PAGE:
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Back in December, I came down with a very mild case of COVID and a positive test.  So, this week I took some time to visit the LifeServe Blood Center here in Des Moines. While there I had the opportunity to discuss with the CEO Stacy Sime about Iowa’s unique COVID-19 Convalescent Plasma program. She also provided me with the following information to share with you.

At this time the State of Iowa is the only state that is using COVID-19 antibodies to track the pandemic. The use of healthy blood donors has helped the state public health department to understand past infection rates of individuals that were likely not seriously ill, and may have gone undetected. Iowa began COVID-19 antibody testing in August of 2020, and at that time 2.1% of healthy blood donors had antibodies to COVID-19.

In January 2021 21.2% of healthy blood donors have antibodies to COVID-19. It has been found that infection rates in donors age 16-24 are significantly higher. Back in August, 7.1% of healthy blood donors age 16-24 had antibodies to COVID-19.  In January 2021, 31.5% of healthy blood donors age 16-24 had antibodies to COVID-19. Iowa’s antibody testing program has helped ensure that Iowan’s in need have access to COVID-19 Convalescent Plasma.

The plasma is collected from individuals who have antibodies to COVID-19. It is then transfused to hospitalized patients with more severe cases of COVID-19 to help the patient’s immune system to fight off the virus. Iowa currently has three blood centers in Iowa that are collecting COVID-19 Convalescent Plasma: DeGowin Blood Center in Iowa City as well as Mississippi Valley Blood Center and LifeServe Blood Center.

As the pandemic infection rates in Iowa have improved in the months of December and January, the Iowa Blood Centers are playing a major role in ensuring patients across the United States have access to COVID-19 Convalescent Plasma.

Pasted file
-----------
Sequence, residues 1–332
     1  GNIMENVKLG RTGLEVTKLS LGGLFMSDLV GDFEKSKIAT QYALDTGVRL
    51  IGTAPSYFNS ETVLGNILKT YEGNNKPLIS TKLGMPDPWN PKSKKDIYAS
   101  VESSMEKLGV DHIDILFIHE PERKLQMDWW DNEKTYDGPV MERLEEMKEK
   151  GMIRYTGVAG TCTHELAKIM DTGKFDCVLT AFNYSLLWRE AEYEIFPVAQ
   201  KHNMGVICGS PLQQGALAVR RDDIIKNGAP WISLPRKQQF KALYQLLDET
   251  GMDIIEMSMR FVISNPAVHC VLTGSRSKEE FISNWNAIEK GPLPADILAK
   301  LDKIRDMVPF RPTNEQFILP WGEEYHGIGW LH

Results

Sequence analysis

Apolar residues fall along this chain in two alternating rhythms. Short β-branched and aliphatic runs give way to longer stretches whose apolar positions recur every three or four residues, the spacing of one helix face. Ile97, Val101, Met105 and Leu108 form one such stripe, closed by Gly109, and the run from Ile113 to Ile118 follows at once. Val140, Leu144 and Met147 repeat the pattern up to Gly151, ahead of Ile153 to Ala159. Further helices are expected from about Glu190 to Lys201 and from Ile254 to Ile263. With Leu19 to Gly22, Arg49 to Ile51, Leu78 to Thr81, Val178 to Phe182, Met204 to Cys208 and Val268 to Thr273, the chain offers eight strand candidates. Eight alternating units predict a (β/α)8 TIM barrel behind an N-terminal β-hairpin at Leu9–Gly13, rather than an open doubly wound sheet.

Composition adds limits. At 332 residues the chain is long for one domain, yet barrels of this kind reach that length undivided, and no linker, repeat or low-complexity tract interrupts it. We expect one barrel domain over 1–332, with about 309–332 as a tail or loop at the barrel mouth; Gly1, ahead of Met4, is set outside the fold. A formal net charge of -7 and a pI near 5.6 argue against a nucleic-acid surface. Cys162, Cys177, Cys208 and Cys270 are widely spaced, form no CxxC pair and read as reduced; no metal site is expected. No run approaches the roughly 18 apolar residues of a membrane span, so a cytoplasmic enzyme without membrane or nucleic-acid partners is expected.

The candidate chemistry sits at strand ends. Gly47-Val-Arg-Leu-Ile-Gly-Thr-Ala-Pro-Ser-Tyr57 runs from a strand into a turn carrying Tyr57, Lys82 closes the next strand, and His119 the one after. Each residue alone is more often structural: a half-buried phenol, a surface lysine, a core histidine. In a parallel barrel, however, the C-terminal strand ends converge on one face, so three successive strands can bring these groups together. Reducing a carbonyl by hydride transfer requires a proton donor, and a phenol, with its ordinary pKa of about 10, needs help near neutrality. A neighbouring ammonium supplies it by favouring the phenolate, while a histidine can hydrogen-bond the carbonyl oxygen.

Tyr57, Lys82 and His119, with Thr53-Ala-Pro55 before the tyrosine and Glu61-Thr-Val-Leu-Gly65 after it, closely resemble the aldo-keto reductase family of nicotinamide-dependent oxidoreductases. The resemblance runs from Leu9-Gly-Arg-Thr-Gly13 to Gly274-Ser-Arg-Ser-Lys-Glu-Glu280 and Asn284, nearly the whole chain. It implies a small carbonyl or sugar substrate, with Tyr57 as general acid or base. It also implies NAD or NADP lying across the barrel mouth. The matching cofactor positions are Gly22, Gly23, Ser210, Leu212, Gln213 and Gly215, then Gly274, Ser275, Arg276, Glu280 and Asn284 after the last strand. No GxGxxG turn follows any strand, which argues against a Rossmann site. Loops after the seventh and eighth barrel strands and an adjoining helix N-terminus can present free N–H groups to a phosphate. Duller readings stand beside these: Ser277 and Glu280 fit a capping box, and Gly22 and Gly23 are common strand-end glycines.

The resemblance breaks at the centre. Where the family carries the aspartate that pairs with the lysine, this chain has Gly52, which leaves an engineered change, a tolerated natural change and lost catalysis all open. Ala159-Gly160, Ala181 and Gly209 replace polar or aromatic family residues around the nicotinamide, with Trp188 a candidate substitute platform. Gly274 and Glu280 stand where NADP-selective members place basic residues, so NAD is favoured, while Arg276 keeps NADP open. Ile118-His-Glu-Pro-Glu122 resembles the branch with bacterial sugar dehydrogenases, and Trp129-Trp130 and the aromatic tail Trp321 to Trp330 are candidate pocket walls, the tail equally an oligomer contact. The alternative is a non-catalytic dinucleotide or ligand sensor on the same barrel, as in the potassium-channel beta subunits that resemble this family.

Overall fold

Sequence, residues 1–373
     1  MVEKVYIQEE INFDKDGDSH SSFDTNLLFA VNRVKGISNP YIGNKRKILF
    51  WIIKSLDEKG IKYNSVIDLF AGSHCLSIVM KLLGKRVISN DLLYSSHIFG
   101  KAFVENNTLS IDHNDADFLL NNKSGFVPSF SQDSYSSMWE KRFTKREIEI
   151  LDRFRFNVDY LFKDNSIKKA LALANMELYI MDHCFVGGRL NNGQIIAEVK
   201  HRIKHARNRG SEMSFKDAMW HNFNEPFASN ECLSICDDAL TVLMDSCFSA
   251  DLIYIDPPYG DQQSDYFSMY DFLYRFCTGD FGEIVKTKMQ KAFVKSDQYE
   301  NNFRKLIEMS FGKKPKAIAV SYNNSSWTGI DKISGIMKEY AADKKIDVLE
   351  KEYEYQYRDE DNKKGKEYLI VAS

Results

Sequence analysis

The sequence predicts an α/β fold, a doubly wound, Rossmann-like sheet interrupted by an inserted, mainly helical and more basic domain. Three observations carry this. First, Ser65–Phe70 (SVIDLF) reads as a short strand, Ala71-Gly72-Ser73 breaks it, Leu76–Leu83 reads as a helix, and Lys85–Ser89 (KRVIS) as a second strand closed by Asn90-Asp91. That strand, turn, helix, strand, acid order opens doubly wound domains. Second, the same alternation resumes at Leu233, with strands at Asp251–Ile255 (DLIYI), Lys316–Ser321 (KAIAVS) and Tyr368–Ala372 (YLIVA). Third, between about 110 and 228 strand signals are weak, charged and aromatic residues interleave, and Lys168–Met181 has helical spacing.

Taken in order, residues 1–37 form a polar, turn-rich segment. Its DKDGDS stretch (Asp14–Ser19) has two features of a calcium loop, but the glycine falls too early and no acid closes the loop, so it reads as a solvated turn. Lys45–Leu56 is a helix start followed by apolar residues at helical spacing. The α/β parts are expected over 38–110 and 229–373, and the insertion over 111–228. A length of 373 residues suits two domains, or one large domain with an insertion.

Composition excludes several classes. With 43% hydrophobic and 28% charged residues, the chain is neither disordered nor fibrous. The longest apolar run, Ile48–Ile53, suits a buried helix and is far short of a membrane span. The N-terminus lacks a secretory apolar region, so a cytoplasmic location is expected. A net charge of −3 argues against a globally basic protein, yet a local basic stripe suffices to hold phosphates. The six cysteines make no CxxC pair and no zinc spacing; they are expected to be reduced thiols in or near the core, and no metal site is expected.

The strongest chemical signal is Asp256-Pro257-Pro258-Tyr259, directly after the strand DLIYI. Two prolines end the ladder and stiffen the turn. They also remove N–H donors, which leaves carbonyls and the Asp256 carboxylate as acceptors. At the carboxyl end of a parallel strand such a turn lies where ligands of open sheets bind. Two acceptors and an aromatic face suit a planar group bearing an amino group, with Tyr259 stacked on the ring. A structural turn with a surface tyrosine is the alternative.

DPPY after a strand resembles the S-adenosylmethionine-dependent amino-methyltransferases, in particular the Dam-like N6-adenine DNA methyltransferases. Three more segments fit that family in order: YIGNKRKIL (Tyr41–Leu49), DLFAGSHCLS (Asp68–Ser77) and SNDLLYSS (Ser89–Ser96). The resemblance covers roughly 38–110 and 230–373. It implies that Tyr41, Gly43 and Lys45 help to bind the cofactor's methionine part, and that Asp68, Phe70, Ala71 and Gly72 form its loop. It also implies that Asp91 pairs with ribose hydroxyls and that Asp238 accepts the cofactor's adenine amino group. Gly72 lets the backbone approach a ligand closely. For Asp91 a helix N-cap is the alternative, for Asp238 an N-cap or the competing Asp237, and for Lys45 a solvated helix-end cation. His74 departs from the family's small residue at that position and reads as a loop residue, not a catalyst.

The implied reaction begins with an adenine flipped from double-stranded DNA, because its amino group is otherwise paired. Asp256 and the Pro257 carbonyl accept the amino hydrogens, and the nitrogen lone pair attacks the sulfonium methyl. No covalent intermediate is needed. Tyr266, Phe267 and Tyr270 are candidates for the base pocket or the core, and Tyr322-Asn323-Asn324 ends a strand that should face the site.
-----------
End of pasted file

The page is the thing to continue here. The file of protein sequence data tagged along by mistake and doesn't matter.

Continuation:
To donate COVID-19 Convalescent Plasma, a donor should contact the blood center that serves their local hospital. In order to qualify to be a convalescent plasma, you must be more than 28 days recovered from COVID-19. Typically, the first donation is a regular blood donation. This allows the blood center to confirm that your COVID-19 antibodies are high enough. From your first donation one dose of COVID-19 Plasma is made. You can then return after they determine your antibodies are good, to donate four doses of plasma per donation.

Donors can then continue to donate until your antibody level is too low. On average, that takes 4-6 months from when you recovered from COVID-19. As with many things in regards to COVID-19 it affects different people differently and it has been found that not everyone who has had COVID-19 has developed antibodies.

Last week, more than 25,000 of convalescent plasma doses were transfused to severely ill patients. Nationally COVID-19 Convalescent Plasma is in alarmingly low supply. If you have tested positive, or believe that you may have had COVID-19. I personally would like to encourage you to go to your local blood center and find out if you have the antibodies to donate.

If you would like more information regarding convalescent plasma, or if you are interested in other issues here at the Capitol you can reach me at [email protected].

Author: Lee Hein


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